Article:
The next gig, in Ashton on June 12, saw WB played for the first time. After half a dozen more UK gigs, The Fall played the Festival de Arcos de Valdevez in Portugal, where Hot Runes was debuted. Sons of Temperance was played for the first time at the Water’s Edge Festival in Castlefield, Manchester on 13 August.
The Unutterable was recorded relatively quickly; in around a month according to Simon Ford3. Pascal Le Gras supplied the cover art again, and Grant Showbiz returned to produce, his first involvement since 1995’s The Twenty-Seven Points and his first production credit on a studio Fall album since Shift-Work.
Reviews were almost universally positive. In Mojo, John Mullen described it as ‘The Fall’s most musically exciting LP since 1990’s Extricate. An unutterable pleasure.’ Simon Goddard in Uncut thought it, ‘tight, witty and deliriously catchy’. The NME‘s Piers Martin said the album was ‘as vital and relevant as The Fall have sounded for a considerable length of time’. Dave Simpson’s Guardian review was especially glowing:
‘When Mark E Smith sacked his band in 1998 it seemed as though the old curmudgeon had finally tipped the scales from being an institution to entering one. However, it has rejuvenated the group. Last year’s The Marshall Suite – the first with his new line-up of fiery whippersnappers – was excellent, but this is a career peak.
Smith’s scattergun muse has certainly been refreshed by something, and the old vitriol is increasingly laced with delicious humour.’
This critical acclaim did not, however, transfer into sales. The album only reached number 136 in the charts, nineteen places lower than Levitate and the worst commercial performance by a Fall album for seventeen years.
The album opens with a sprightly, unusual piece of sci-fi skiffle. Kazuko Hohki of Frank Chickens (who apparently recorded her part without actually meeting the group) contributes the deadpan, robotic vocals that are reminiscent of several tracks recorded when Elena Poulou was in the band. The lyrics supposedly deal with the aftermath of the 1998 Brownies gig, although it’s not entirely obvious how this is the case.
It was played live 73 times, 1999-2002.
After the comparatively light Cyber Insekt, Two Librans crashes in with a hard/garage-rock attitude reminiscent to some extent of the Cerebral Caustic material, especially in the descending thrash chords. But there’s something new here: the grizzly, monstrous bassline strikes a different note to the Steve Hanley years; a coiled, fuzzy menacing tone that the group would return to frequently in the 21st century, especially in the Dave Spurr years.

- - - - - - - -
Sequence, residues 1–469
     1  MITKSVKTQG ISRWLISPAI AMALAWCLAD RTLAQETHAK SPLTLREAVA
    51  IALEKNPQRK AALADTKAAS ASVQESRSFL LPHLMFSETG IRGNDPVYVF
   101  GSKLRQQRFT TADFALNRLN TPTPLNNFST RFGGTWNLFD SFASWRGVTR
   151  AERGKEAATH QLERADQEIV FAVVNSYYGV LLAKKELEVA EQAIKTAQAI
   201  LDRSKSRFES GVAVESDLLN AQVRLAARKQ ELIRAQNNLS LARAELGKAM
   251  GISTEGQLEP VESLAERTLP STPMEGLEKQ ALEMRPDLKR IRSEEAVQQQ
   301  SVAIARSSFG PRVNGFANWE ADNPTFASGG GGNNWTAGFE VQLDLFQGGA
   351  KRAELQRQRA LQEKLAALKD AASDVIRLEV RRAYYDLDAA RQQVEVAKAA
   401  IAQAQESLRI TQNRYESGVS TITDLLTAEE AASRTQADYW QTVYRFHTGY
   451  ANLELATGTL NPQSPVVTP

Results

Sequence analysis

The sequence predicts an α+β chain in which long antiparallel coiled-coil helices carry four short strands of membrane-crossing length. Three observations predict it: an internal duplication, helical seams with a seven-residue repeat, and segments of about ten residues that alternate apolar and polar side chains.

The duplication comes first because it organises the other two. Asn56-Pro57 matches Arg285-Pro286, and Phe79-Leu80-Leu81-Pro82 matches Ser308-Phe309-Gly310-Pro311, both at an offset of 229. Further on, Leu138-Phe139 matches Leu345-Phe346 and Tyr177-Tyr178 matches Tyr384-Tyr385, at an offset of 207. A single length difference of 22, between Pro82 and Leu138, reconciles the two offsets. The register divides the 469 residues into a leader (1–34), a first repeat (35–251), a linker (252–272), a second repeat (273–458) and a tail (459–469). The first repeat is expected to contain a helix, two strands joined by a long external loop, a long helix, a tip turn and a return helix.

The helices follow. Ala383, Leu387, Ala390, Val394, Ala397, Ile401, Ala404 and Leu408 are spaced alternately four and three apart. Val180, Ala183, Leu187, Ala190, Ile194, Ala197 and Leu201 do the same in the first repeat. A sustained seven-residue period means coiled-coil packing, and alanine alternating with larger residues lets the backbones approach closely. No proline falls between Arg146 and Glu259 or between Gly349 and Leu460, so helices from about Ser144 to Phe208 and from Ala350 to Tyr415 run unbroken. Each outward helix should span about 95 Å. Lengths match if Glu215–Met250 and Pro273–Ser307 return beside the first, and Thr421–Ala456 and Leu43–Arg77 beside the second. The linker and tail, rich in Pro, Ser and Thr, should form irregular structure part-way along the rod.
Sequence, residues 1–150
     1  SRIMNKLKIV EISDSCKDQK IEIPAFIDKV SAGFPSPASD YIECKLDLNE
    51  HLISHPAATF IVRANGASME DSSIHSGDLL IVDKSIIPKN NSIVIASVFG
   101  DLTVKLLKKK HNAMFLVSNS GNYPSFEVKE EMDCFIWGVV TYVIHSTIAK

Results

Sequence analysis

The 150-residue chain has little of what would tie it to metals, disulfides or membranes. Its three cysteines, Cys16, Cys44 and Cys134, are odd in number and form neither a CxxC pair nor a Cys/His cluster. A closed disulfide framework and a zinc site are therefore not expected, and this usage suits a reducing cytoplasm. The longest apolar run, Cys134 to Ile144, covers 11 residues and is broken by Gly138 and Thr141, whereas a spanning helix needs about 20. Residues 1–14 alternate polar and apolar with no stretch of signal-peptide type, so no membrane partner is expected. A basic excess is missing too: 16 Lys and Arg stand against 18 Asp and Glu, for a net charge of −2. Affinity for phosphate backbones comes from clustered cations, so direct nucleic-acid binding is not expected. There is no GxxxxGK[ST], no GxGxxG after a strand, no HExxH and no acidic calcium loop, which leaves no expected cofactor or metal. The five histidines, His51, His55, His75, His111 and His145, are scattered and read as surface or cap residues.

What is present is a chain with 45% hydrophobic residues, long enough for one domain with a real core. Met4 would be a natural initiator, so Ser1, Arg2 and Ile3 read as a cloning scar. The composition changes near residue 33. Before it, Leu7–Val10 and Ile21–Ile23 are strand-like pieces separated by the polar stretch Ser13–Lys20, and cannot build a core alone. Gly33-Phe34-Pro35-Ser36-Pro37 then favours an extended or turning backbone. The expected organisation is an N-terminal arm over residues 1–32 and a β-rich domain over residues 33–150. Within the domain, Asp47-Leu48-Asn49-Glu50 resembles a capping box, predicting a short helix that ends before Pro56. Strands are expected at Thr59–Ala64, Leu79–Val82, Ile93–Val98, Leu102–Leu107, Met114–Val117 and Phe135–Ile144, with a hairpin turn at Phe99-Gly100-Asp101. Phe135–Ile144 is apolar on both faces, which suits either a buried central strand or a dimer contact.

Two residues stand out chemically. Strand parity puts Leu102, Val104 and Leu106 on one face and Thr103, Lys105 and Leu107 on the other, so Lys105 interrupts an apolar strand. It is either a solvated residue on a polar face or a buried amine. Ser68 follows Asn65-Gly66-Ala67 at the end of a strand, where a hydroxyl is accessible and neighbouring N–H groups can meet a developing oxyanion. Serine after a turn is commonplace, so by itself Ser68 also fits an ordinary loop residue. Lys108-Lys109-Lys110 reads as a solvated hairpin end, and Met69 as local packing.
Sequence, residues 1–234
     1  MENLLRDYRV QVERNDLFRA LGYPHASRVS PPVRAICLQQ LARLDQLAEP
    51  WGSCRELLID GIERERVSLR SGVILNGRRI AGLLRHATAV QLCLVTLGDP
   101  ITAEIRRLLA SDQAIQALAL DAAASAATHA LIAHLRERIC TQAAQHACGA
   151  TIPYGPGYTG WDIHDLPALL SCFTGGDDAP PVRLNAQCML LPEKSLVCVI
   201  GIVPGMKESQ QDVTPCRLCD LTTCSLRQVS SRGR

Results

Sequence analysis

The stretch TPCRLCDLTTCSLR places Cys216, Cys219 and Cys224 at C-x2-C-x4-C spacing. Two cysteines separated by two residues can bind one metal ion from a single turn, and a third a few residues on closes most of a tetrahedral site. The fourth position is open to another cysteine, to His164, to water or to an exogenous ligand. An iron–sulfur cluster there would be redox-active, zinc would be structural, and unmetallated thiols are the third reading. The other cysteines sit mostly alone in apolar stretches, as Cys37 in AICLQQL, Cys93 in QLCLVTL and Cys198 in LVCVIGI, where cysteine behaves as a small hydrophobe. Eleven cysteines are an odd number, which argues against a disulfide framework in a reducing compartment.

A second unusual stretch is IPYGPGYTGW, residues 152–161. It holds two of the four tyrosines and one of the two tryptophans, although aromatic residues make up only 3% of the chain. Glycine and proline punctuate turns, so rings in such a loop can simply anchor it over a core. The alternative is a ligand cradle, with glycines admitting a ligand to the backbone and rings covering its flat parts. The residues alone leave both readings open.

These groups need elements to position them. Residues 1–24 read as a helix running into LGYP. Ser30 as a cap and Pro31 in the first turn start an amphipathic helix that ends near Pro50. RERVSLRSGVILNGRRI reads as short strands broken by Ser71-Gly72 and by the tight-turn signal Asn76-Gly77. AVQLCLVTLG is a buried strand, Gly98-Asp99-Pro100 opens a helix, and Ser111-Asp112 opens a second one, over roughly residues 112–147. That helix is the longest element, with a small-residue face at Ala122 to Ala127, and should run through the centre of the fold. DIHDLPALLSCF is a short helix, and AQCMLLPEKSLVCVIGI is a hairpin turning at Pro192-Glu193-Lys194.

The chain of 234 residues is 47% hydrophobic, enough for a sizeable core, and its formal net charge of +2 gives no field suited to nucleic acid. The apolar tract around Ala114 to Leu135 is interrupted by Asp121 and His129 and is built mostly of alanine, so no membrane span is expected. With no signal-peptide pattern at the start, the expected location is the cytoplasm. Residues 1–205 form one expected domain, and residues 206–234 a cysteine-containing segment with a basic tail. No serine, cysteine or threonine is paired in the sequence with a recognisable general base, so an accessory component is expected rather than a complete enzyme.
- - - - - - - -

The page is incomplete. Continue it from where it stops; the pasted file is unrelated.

The understated, circumspect guitar line of the verse feels like it’s circling the vocals, waiting to pounce when they reach the chorus, at which point the fuzzed-up chords crash in. There’s a load of other delights chucked in for good measure: horror-movie-soundtrack piano, some up-the-neck string-bending guitar soloing and a spot of scuzzily treated Dr. Buck-like drums.
MES is on top form too, finding a perfect balance between disdainful slur and aggressive bark. There’s a hint of what was to come with the vocals too; a trace of the 21st century growl/gargle emerging, for example ‘Librans’ at 1:01. A typically opaque lyric, but not one without humour, the line about Oprah Winfrey’s interest in melittology always raising a smile. (There are some who argue that the lyric doesn’t necessarily suggest that it was Oprah studying the bees; I’m not one of them.)
It was played live 70 times, 2000-2002.
The title refers to William Blake, and the lyrics take their inspiration from A Song Of Liberty. It’s a little loose and shapeless, but the swirling synths and looping twangy guitar are undoubtedly appealing. Only played nine times, all in 2000.
Sons Of Temperance